Guard systems have improved, and many now meet legislation, but guard removal and storage for maintenance access is often not considered. This can lead to on-site modification and sometimes removal. It’s important to note that only one tool removable fixing per guard is sufficient, four bolts per panel takes much more time.

Spillage and Dust

Managing spillage and dust begins in the design office.

If cleaners and skirts are not selected and installed with safe access, they will not be maintained and result in carry back and spillage. If maintained, there is still a risk of injury through unsafe access.

Spillage costs our industry billions in clean up every year; it diverts qualified people from more valuable work, causes belt problems and damage, and is often a safety trip hazard. Structures have collapsed from overload because the design does not shed spillage. Poor design allows accumulation in pockets where corrosion starts.

Alumina build up on all flat surfaces; corrosion from wet bauxite.

Dust management in most plants is a token gesture, often with minimal design input. Spray bars that cannot be maintained on line, with nozzles generating the wrong size droplets in the wrong location. Arbitrarily sized dust collectors with inaccessible extract ducting, designed like a water pipe. Dust is dumped straight back on the conveyor for release downstream. We know how to manage dust, so why is this a forgotten aspect in so many facilities?

Idlers and Pulleys

Idler replacement is rarely well considered in design. We anticipate replacement at random intervals of 10 per cent of the idler rolls over a five-to-ten-year period. Each replacement requires full isolation, belt lift and manual removal and replacement. In many conveyors, personnel access to replace idlers is unsafe. Moving replacement rolls to the conveyor and removing the old ones should be a design consideration.

There are many developing technologies that can remotely identify a failed roll, but there is no consistent design that gives safe maintenance access for change out. The location of cable trays, pipes and guard stanchions often place barriers to maintenance. Automated roll change devices have been available for many years but are expensive and so far unproven, prompting the need for a rethink on conveyor design.

How difficult is it to change these rolls?
How difficult is it to change these rolls?

Pulleys also fail, whether bearings, lagging or shells and it’s preferable to remove them without cutting the belt or dismantling the entire support structure. Pulley weight has increased with the size of the conveyors. Conveyor design should not only provide the minimum number of pulleys but also consider the location and access to remove and replace them. A “C” hook is often required to facilitate removal and should be part of the design. If a pulley change out takes longer than a day, the design of the system has failed.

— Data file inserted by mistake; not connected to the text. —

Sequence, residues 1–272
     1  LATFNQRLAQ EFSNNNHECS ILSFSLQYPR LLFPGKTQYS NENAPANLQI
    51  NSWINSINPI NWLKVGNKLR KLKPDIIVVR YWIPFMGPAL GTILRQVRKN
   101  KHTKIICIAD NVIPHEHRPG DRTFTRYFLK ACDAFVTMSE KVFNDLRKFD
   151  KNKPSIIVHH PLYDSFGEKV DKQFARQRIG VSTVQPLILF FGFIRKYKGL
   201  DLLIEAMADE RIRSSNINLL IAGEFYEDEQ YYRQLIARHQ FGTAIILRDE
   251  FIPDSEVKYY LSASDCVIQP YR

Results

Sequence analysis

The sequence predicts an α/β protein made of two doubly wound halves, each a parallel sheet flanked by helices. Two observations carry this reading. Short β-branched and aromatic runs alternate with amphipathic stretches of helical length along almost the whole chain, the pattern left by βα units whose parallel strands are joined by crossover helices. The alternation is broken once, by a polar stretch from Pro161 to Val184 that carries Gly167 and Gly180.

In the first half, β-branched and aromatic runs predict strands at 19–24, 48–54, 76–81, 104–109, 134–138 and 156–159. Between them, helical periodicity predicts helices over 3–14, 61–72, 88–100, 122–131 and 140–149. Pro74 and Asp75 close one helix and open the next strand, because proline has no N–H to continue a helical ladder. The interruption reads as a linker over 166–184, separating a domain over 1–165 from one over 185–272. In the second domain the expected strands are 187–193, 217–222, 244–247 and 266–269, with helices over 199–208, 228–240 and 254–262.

Liners and Bars

Chutes are a part of every conveyor system and will have a wear material lining, which often need regular replacement. There is a trend towards rotable chutes or parts of chutes to allow for off-site liner replacement, which can be a faster and safer process without the need for confined space work. It’s important not to ignore the lifting process and lugs required to remove and replace chutes.

As an industry, there needs to be more alternate connection methods for chute flanges beyond “M20 bolts at 120 millimetre centres”. Having to remove and replace many nuts and bolts is time consuming and therefore often rushed and unsafe. Some designers have begun using locating pins and fewer bolts to make maintenance safer and easier.

There are excellent Australian developments in wear liner materials that give longer life and easier repair. However, there are still chutes made that use fewer effective materials and fixings, have heavy liner pieces and that need on-site repair and confined space entry.

Can these liners be safely replaced?
Can these liners be safely replaced?

Spile bars for isolating above feeders and other equipment are still features in some facility designs. These function well if they can be inserted and removed. Much effort is required to lift multiple bars, often well over 20 kilograms each, and push them into an empty hopper above shoulder height. The ergonomics are poor and manual handling injury follows. Expecting this when the hopper is full, and removing the bars from a full hopper, is asking too much unless mechanically assisted.


I have considered a few of the many aspects of our BMH systems but there are many others. We need safe expeditious and cost-effective maintenance strategies, because people complete all maintenance on our sites. Good initial design of the BMH systems, good components installed well and with safe access and methodology for maintenance will reduce costs and improve health and safety. Complacency is perhaps the largest of the hidden dangers.